Recently I wrote about a U.S. Senate committee hearing on solitary confinement that the American Humanist Association attended and participated in by submitting testimony. While this hearing detailed the problems with the practice known as solitary confinement or “restrictive housing,” the hearing did not cover the plight of those who were re-entering society after their stay in the prison system.
Thankfully, an important bill that deals with this very topic is currently awaiting passage in the U.S. Senate and House of Representatives, although partisan bickering may prevent it from ever reaching President Obama’s desk. This bill, the Second Chance Reauthorization Act, is a federal grant program that works to help those recently released from jail to reintegrate into society and stay out of the prison system. While the bill was introduced with bipartisan support, the Senate version being introduced by Senators Rob Portman, Republican, and Patrick Leahy, Democrat, and the House version being introduced by four Democrats and four Republicans, partisan obstructionism is likely to slow or even halt the progress of this bill.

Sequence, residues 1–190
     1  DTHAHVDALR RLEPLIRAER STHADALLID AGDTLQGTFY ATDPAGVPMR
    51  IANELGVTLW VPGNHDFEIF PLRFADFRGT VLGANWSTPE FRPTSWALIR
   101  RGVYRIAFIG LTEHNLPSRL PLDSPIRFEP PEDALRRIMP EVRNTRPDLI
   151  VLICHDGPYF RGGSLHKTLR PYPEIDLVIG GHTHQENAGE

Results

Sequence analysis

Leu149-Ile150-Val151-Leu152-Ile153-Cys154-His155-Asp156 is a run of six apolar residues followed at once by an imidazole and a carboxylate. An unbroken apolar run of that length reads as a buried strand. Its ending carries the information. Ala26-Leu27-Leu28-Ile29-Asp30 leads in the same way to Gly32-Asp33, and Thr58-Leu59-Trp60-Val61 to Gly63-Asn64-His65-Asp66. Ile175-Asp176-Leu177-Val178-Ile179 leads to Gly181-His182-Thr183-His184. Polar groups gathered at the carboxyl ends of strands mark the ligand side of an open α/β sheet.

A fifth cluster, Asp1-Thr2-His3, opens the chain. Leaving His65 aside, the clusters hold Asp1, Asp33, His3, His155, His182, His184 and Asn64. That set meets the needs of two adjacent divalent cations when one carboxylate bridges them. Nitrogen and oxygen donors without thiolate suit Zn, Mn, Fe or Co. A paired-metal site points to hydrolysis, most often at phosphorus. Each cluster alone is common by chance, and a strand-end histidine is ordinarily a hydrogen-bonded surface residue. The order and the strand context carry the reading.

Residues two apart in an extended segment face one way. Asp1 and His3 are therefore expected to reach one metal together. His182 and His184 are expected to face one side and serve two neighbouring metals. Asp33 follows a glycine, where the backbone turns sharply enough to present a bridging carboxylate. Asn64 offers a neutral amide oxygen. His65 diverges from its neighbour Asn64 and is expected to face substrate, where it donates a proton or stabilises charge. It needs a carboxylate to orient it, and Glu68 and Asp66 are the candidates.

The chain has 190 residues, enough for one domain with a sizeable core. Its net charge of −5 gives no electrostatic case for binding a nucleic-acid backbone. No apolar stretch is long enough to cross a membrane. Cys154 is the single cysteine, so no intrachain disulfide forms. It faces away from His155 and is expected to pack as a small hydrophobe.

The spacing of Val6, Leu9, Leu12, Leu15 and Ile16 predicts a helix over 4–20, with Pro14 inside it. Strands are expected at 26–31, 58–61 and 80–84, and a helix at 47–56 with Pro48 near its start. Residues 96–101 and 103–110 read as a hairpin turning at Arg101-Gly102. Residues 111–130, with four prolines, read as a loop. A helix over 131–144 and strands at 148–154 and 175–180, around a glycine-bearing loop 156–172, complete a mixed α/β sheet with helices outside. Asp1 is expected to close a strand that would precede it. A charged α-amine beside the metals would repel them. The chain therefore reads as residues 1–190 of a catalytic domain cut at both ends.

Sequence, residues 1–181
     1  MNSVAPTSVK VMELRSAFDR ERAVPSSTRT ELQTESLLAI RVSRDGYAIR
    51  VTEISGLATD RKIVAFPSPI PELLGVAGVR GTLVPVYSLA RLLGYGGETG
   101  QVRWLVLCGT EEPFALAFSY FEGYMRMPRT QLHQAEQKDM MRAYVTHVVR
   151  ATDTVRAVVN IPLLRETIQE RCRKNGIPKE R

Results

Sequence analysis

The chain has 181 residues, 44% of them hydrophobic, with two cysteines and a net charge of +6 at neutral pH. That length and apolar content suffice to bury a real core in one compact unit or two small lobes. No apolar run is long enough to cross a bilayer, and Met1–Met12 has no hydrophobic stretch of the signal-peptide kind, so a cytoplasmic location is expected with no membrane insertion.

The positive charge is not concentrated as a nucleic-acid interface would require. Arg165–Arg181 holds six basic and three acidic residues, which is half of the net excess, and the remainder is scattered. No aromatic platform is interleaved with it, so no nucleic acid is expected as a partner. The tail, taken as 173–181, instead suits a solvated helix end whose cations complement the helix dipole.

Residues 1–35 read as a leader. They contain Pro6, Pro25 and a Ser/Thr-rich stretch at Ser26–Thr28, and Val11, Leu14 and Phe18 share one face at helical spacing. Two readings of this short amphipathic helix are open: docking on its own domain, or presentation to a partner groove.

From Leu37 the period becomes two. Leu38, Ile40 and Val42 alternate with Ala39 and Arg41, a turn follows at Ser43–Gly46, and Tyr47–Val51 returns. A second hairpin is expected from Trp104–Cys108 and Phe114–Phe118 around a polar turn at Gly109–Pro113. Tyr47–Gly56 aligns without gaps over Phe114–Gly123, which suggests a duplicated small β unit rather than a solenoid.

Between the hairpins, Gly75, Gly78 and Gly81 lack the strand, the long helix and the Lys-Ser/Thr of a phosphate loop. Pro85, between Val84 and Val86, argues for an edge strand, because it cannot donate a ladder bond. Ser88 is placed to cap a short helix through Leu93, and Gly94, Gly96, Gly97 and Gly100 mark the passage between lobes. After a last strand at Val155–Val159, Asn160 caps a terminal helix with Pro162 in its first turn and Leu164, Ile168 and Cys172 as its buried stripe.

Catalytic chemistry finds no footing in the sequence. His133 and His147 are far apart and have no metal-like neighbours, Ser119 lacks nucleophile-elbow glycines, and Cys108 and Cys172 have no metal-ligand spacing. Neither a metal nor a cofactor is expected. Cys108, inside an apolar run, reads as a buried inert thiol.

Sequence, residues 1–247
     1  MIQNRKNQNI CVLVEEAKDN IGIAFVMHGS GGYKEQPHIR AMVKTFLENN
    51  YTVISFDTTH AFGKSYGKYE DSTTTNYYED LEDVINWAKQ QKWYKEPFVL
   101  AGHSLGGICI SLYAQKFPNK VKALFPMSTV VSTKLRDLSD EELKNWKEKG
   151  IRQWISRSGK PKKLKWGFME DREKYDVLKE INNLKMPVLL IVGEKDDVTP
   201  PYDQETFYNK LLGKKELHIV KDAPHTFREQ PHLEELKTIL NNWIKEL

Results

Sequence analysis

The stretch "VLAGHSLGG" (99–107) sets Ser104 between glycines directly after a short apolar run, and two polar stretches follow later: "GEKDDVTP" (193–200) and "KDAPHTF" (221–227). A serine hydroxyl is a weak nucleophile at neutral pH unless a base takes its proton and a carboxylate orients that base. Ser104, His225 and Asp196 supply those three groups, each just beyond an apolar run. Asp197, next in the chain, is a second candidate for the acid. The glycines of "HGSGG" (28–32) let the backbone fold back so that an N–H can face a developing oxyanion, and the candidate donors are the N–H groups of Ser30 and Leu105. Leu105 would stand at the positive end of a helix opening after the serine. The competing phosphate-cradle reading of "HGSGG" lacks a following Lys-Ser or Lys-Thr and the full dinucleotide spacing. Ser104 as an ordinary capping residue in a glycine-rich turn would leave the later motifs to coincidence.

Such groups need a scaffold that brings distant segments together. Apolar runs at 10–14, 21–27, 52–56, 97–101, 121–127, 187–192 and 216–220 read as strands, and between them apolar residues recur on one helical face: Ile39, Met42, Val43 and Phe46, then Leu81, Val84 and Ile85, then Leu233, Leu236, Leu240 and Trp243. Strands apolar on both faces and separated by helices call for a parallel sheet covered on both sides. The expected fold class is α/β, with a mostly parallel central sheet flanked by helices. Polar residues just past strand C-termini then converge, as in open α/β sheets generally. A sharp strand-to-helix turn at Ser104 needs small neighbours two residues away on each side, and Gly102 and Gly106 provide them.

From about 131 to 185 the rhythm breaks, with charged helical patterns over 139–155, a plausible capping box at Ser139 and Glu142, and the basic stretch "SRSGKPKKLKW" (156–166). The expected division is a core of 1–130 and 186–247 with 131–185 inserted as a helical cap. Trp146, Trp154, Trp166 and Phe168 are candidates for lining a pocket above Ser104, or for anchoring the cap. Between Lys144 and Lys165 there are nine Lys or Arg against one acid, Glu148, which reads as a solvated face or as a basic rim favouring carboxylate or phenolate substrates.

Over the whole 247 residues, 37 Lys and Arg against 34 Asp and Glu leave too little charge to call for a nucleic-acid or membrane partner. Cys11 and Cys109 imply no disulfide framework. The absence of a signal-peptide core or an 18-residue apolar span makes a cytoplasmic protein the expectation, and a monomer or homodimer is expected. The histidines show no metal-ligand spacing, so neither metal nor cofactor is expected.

The American Humanist Association has supported the Second Chance Act and its various reauthorization bills for years. Humanists understand that all human beings are deserving of a second chance at leading productive lives. The basic human dignity inherent in each individual, regardless of their criminal history, mandates that they not be cast off by society and relegated to a harsh lifetime in and out of prison.
This bill would do a lot to help recent offenders stay out of prison by seeking to decrease criminality through funding programs meant to fight substance abuse, help manage re-entry into society, or train individuals for careers.
America has the most expansive prison system in the world. According to the Association of State Correctional Administrators more than 1.6 million adults were in state and federal prisons in 2010, while 700,000 adults were released in 2011—four times more than were released 30 years ago. With this many adults in prison and leaving it soon, it benefits everyone, regardless of criminal history, to have properly funded programs that help former prisoners in their transition back to mainstream society.
The Second Chance Act has been sitting in committee in both the House and Senate since November and is unlikely to move soon. However, the growing concern by Americans and advocacy groups on this topic may be enough to help these bills proceed through the legislative process in the very near future.